We had our first taste of warm weather in Ireland a few weeks ago, so predictably our thoughts turned to the barbeque. One of the things we enjoyed was chicken with Vietnamese flavors.
I was particularly taken by the wings. They were very good with the spices but just a little dry. Hence the idea to cook a batch of wings sous vide and finish them on the barbie. They turned out great and definitely will be served to friends at our next BBQ.
One of the things we especially liked was the lighter, fresher flavor of these wings, both on their own and also coupled with Nuoc Cham dipping sauce. Nuoc Cham is used in Vietnam at almost every meal, similar to the way salt and pepper are used on the Western table. Every cook or family has their own take on it, but all include fish sauce, chili, garlic, sugar, and lime juice. Many versions also include some type of vinegar. The one we use is from Nicole Routhier’s Foods of Vietnam. You’ll find her Nuoc Cham recipe here, as well as one for her fabulous spring rolls.
One of the main ingredients in our wings and the dipping sauce is Asian fish sauce. Fish sauce comes from Thailand (nam pla), Vietnam (nuoc mam), Cambodia (tuk traey), and Laos (nam pa). The Thai and Vietnamese brands seem to be more common outside of Southeast Asia. It was not that long ago that you had to visit an Asian market to find fish sauce, but it is now readily available in both supermarkets and gourmet shops. There is a big difference in the taste and quality of the many brands. One important thing to look for is nhi, ngon, or thuong hang on the label. This means it is made from the first extraction of liquid from the fermented fish, similar to the extra virgin grade in olive oil. We have tried many brands over the years, but our favorite is Three Crabs.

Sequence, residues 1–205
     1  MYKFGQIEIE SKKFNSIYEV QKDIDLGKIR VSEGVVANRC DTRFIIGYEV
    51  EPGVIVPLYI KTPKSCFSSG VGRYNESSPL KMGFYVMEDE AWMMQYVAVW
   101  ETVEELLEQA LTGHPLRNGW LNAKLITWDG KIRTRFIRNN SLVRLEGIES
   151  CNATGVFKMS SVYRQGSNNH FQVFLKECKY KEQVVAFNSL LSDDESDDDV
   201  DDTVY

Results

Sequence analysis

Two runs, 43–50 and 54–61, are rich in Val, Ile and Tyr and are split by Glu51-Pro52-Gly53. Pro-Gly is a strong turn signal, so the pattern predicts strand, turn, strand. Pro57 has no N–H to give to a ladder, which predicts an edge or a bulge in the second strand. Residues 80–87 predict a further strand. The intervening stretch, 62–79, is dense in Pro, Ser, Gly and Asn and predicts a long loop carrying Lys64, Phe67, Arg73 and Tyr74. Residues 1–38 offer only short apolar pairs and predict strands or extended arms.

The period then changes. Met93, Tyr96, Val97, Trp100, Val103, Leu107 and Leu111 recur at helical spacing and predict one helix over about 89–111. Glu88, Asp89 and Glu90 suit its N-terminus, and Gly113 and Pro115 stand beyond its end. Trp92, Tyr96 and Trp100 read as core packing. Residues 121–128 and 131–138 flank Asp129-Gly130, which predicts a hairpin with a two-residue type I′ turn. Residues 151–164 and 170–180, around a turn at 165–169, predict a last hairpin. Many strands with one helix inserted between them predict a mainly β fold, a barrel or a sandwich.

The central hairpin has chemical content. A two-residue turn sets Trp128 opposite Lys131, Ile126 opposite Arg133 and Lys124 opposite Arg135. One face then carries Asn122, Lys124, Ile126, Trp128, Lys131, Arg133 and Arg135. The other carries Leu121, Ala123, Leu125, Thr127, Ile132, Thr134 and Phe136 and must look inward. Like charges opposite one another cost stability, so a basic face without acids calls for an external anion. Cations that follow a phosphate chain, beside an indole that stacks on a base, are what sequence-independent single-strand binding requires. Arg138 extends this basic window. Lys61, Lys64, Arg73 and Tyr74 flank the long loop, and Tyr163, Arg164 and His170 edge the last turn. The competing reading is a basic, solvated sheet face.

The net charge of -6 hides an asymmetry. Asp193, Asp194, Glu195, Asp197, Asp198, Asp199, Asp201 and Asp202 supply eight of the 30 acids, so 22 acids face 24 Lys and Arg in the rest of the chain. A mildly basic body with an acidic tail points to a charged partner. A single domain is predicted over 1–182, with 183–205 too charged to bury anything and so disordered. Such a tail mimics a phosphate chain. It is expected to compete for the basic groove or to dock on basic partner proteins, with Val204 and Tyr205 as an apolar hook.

Another ingredient in the recipe is palm sugar (duong thot not). You can substitute white sugar and the recipe will still be great, but palm sugar has a wonderful taste, almost like caramel or butterscotch. It is also available at Asian markets. Look for one that is 100 percent palm sugar, without additives. We have also read that palm sugar has a lower glycemic index, or GI, than white sugar — similar to agave syrup.
Serves 4, or up to 8 as an appetizer or part of a larger meal
- Preheat the water bath to 152°F (67°C).
- Remove the tips from the wings and save for stock. Place the chicken wings in a large bowl and set aside.
- Combine the lemongrass, garlic, chiles, shallot, and sugar in a mortar or blender. Pound or blend until the mixture is a thick paste. Add the fish sauce, lime juice, lime zest, and salt; whisk to combine.
- Transfer the paste to the bowl with the chicken and mix until the wings are evenly coated.
- Place half the chicken wings in a single layer in each of 2 large, zip-lock food bags. Seal using the water displacement method.
- Cook for 2 hours.
- If you plan to finish the chicken on a barbeque or outdoor grill, light the coals or preheat the grill 15 to 20 minutes before removing the chicken from the water bath. We like to heat only half of the grill so we can move the wings around as they cook to prevent burning.
- Remove the bags from the water oven and allow to cool for a few minutes, then transfer the chicken to a platter or cookie sheet, discarding the bag juices.
- Place the wings skin-side down on the hot grill and sear until the skin is browned and crisp, about 3 to 4 minutes. Turn and cook on the other side for 2 to 4 minutes. To finish the wings under a broiler, preheat the broiler for 5 to 10 minutes; broil until the skin is brown and crisp, a few minutes per side.
- Serve hot, with Nuoc Cham for dipping if desired.
- If you don’t plan to finish and serve the chicken right away, remove the bags from the water oven and quick-chill them in an ice-and-water bath, adding more ice as necessary, then refrigerate the bags until ready to use.